California court: Old police misconduct records are public

Law enforcement agencies in California must release police misconduct records even if the behavior occurred before a new transparency law took effect, a state court of appeals has ruled. 

The 1st District Court of Appeal's decision released Friday settles for now a debate over whether records created before Jan. 1, when the law took effect, were subject to disclosure. Many police unions have sued to block the records release, while public information advocates argued the records should be disclosed. 

The ruling applies to police agencies statewide, including the attorney general's office, unless another appellate court steps in and rules differently, said David Snyder of the First Amendment Coalition.

Interactive map: Who is releasing police personnel files and who is not

"These records are absolutely essential for the public to be able to see what the police departments are doing with respect to police misdoubt," said Snyder, whose group intervened in the case. "These agencies have enormous power over Californians and so transparency of those agencies is absolutely essential in order to be able to hold them accountable." 

A few agencies reversed their prior decision to deny access to old records after the ruling came in. Sacramento County Sheriff Scott Jones said he would release records dating back five years after reading the court of appeal's decision, the Sacramento Bee reported. At least four agencies in Contra Costa County, who had fought the retroactivity issue, also began releasing records at the end of last month. Those records showed that police had falsified records and had sex on the job, according to their own internal affairs investigations.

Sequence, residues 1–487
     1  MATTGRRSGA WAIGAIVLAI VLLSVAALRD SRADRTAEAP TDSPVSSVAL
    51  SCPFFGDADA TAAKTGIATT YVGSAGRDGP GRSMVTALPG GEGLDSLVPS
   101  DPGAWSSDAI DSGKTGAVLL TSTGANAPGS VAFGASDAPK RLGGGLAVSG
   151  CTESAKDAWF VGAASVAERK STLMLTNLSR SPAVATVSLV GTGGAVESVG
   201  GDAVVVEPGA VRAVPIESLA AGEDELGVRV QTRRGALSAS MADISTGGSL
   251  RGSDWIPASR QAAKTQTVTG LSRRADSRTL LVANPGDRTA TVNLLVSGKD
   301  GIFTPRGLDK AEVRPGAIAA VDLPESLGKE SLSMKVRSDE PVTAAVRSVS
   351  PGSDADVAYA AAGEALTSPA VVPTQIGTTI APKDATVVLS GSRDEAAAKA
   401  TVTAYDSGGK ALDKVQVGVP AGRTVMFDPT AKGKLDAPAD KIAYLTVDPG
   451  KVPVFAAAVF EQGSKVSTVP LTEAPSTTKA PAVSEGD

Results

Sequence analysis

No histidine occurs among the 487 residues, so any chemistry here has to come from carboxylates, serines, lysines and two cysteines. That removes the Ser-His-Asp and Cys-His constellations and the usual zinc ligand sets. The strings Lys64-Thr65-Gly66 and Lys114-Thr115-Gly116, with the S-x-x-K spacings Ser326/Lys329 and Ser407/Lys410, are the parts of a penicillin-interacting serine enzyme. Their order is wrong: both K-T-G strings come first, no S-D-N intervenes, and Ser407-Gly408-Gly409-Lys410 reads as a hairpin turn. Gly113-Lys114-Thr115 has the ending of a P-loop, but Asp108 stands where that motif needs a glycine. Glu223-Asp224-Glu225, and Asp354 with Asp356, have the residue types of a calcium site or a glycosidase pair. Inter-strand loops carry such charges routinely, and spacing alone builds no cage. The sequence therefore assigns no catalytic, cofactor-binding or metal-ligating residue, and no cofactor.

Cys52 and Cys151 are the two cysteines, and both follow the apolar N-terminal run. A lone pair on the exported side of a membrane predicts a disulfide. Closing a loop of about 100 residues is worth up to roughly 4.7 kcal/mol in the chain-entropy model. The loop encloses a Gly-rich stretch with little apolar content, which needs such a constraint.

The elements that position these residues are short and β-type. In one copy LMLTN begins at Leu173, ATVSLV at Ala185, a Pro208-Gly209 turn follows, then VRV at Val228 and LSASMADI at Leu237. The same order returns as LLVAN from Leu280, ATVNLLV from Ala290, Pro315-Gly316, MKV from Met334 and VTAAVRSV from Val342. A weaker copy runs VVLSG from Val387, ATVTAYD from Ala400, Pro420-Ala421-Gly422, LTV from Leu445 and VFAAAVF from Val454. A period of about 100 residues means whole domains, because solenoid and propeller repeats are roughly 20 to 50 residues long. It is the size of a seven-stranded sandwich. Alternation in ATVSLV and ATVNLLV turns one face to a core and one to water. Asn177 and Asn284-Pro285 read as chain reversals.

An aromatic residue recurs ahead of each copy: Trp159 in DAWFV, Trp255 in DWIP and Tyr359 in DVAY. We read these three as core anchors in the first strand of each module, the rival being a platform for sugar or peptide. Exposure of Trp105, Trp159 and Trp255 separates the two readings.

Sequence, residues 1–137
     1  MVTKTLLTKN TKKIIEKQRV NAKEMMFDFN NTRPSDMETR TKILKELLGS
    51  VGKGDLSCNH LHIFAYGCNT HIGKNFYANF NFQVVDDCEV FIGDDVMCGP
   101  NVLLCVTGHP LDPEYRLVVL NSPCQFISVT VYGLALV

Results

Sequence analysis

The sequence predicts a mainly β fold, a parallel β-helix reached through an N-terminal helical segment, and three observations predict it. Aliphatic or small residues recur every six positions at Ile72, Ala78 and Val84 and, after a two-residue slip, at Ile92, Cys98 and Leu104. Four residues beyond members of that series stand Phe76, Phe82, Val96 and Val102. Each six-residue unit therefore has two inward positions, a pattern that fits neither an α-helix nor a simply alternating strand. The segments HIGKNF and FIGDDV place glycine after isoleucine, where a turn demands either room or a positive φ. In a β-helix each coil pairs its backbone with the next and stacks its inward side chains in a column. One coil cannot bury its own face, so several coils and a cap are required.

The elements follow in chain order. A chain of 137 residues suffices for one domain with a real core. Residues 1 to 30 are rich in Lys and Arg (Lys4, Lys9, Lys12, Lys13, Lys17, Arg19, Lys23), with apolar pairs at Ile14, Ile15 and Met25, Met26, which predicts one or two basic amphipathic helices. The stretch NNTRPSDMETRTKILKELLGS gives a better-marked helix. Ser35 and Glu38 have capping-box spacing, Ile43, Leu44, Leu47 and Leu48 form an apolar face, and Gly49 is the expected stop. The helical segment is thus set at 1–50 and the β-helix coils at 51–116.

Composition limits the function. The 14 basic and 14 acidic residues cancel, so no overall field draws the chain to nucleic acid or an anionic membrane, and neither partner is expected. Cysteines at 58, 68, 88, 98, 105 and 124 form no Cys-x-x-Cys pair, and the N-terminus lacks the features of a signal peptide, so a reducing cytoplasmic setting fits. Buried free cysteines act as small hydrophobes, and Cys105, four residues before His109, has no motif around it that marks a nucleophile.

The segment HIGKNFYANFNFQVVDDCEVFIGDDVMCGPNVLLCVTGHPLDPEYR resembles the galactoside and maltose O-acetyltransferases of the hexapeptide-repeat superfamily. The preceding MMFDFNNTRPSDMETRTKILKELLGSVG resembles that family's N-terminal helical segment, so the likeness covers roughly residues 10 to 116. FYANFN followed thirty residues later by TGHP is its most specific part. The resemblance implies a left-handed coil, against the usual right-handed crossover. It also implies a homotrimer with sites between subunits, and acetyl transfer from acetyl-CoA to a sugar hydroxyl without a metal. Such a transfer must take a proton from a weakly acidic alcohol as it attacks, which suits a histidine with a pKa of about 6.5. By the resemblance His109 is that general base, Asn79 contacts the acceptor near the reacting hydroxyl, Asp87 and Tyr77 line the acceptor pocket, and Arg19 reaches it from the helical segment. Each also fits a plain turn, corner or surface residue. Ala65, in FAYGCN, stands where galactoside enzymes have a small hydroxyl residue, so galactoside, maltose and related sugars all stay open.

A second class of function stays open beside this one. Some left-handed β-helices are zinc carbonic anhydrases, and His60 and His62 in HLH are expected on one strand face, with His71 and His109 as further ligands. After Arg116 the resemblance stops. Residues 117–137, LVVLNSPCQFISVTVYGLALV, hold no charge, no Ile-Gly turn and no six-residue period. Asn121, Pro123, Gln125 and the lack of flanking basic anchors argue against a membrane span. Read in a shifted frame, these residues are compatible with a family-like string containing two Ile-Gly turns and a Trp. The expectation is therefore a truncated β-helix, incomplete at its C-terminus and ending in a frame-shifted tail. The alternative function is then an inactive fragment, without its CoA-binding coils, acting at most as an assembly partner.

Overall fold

The appeals court ruled on March 12 but only made the opinion public Friday.

Mike Rains, an attorney for many of the police unions that sued to block the release of the records, said he doesn't see the decision as setting precedent on the merits of the case but that agencies are likely to take guidance from it unless another court rules differently.

His clients do not have an issue with releasing records of misconduct produced after Jan. 1, Rains said, but see the release of old records as a privacy violation.

"Police officers used to have a privacy right," he said. "We don't believe it changes the rights of privacy to those records that were created prior to Jan. 1."

California lawmakers voted last year to require police agencies to release records on police shootings and officer misconduct to the public. Police unions had sought to block old records, with some law enforcement agencies even destroying them. Attorney General Xavier Becerra also declined to release records from his office, saying the intent of the law need to be clarified by the courts. 

The rulings by a panel of three justices said the old records can be released because the action triggering their release -- a request for public information by reporters or others -- occurs after Jan. 1. The justices also noted the release of the records does not change the legal consequences for officers already found to have engaged in misconduct. 

"The new law changes only the public's right to access peace officer records," the justices wrote.

KTVU reporter Lisa Fernandez contributed to this report.